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Flat front label of wine
Flat front label of wine

Hobel Engelhard Vineyard Cabernet Sauvignon 2009

Cabernet Sauvignon from Napa Valley, California
  • WS90
14.5% ABV
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14.5% ABV

Winemaker Notes

Pulling the cork just days after the June 20th bottling was an exciting experience. The wine was almost black in color and the room was immediately filled with the aromas of blackberries, cassis, a touch of forest floor and baking spices. The wine is rich and bold and saturates the palate with flavor. The underlying tannin structure and acidity provide lift, lengthening the finish and giving a glimpse of spectacular things to come.

Critical Acclaim

All Vintages
WS 90
Wine Spectator
Tight, dense and complex, with enough ripe black fruits, licorice and cedar to fend off the chewy tannins. Begs for time and should reward, as the mocha, espresso and savory herb flavors gain and hold traction. Best from 2014 through 2024.
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Hobel
Hobel , Napa Valley, California
The story of Hobel Wines began in 1998, when Cameron first met friend and winemaker Thomas Brown in Napa. Cameron was working as the Director of Business Development at Winebid.com and Thomas was working as Assistant Winemaker at Turley Wine Cellars. Their mutual love of great wine led to many shared dinners and glasses of wine, where they discussed the prospect of finding a project that would allow them to work together in producing a world-class wine. The opportunity finally arose eleven years later, with the 2009 Hobel Napa Valley Cabernet Sauvignon.

Hobel, the proprietors' family name, is also a traditional woodworking plane that has been used for centuries by skilled craftsmen to smooth, balance and finish wood surfaces. The "hobel" depicted on the winery's label is a modern twist on this classic woodworking tool and each vintage of Hobel has a different species of custom-crafted wood that is hand applied to the neck of each bottle.

Napa Valley

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One of the world's most highly regarded regions for wine production and tourism, the Napa Valley is the AVA that brought worldwide recognition to California winemaking. The area was settled by a few choice wine families in the 1960's who bet that the wines of the area would grow and flourish. They were right. The Napa wine industry really took off in the 1980's, when vineyard lands were scooped up and vines were planted throughout the county. A number of wineries emerged, from large conglomerates to small boutiques to cult classics. Cabernet Sauvignon is definitely the grape of choice here, with many winemakers also focusing on Bordeaux blends. Whites are usually Chardonnay and Sauvignon Blanc.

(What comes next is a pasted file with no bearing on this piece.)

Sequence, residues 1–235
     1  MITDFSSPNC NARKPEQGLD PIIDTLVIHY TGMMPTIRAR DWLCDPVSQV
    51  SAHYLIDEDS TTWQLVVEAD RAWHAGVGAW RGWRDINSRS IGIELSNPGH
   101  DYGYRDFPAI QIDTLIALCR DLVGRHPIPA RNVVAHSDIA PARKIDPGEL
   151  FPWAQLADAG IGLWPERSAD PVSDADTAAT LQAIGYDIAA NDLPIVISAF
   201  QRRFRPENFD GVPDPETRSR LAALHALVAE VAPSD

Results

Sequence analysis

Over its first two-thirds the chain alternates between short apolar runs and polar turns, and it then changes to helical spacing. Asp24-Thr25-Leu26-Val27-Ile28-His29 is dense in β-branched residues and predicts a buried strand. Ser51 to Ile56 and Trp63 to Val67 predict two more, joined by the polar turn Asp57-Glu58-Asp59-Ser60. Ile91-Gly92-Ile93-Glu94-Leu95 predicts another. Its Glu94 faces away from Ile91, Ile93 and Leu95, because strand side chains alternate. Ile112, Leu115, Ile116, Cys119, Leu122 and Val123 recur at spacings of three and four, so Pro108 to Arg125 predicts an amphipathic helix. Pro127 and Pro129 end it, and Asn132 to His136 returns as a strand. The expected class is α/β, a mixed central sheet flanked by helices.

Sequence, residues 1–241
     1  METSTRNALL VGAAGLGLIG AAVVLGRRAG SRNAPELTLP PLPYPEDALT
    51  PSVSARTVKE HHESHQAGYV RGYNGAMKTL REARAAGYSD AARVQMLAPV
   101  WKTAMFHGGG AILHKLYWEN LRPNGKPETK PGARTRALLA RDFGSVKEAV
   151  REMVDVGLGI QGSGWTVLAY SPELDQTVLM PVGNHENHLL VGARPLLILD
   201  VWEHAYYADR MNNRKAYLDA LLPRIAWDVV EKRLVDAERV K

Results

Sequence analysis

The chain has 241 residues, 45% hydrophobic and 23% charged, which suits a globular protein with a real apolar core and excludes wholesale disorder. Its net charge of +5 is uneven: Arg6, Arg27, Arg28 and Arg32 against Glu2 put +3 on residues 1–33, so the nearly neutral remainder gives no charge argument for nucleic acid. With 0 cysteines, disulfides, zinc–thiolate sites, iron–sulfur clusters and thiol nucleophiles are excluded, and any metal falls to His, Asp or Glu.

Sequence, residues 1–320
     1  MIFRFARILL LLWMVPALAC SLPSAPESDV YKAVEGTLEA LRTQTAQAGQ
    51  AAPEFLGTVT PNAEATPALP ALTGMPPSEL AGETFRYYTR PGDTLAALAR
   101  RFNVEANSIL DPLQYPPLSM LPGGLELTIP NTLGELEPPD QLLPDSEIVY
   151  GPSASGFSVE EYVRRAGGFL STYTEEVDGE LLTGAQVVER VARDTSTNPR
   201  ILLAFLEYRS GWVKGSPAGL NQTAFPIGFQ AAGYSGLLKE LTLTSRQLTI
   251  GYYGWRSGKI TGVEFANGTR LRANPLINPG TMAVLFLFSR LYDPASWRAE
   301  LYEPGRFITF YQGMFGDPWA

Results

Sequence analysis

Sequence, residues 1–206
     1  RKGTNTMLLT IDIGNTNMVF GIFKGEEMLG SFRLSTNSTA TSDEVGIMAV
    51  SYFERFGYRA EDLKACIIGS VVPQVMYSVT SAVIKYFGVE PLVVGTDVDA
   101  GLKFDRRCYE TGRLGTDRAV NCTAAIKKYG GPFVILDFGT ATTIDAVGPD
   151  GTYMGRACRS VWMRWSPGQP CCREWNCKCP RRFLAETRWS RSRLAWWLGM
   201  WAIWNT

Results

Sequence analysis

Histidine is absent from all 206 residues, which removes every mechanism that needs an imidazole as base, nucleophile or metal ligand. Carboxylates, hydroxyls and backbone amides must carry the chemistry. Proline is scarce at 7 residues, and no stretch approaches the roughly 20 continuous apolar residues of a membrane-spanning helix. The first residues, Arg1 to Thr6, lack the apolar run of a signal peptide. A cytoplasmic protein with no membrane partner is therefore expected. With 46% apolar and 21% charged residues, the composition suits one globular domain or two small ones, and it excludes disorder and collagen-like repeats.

Within the Napa Valley lie many smaller sub-AVAs that lend even more character specifics to the wines. Furthest south is Carneros, followed by Yountville, Oakville & Rutherford. Above those two are St.-Helena and the valley's newest AVA, Calistoga. These areas are situated on the valley floor and are known for creating rich, smooth Cabernet Sauvignon, Merlot and Chardonnay. There are a few mountain regions as well, nestled on the slopes overlooking the valley AVAs. Those include Howell Mountain, Stags Leap District, and Mt. Veeder. Wines from the mountain regions are often more structured and firm, benefiting from more time in the bottle to evolve and soften.

Cabernet Sauvignon

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A noble variety bestowed with both power and concentration, Cabernet Sauvignon is sometimes referred to as the “king” of red grapes. It can be somewhat unapproachable early in its youth but has the potential to age beautifully, with the ability to last fifty years or more at its best. Small berries and tough skins provide its trademark firm tannic grip, while high acidity helps to keep the wine fresh for decades. Cabernet Sauvignon flourishes in temperate climates like Bordeaux's Medoc region (and in St-Emillion and Pomerol, where it plays a supporting role to Merlot). The top Médoc producers use Cabernet Sauvignon for their wine’s backbone, blending it with Merlot and smaller amounts of Cabernet Franc, Malbec, and/or Petit Verdot. On its own, Cabernet Sauvignon has enjoyed great success throughout the world, particularly in the Napa Valley, and is responsible for some of the world’s most prestigious and sought-after “cult” wines.

In the Glass

High in color, tannin, and extract, Cabernet Sauvignon expresses notes of blackberry, cassis, plum, currant, spice, and tobacco. In Bordeaux and elsewhere in the Old World you'll find the more earthy, tannic side of Cabernet, where it's typically blended to soften tannins and add complexity. In warmer regions like California and Australia, you can typically expect more ripe fruit flavors upfront.

Perfect Pairings

Cabernet Sauvignon is right at home with rich, intense meat dishes—beef, lamb, and venison, in particular—where its opulent fruit and decisive tannins make an equal match to the dense protein of the meat. With a mature Cabernet, opt for tender, slow-cooked meat dishes.

Sommelier Secrets

Despite the modern importance and ubiquity of Cabernet Sauvignon, it is actually a relatively young variety. In 1997, DNA revealed the grape to be a spontaneous crossing of Cabernet Franc and Sauvignon Blanc which took place in 17th century southwestern France.

LSB194551_2009 Item# 194551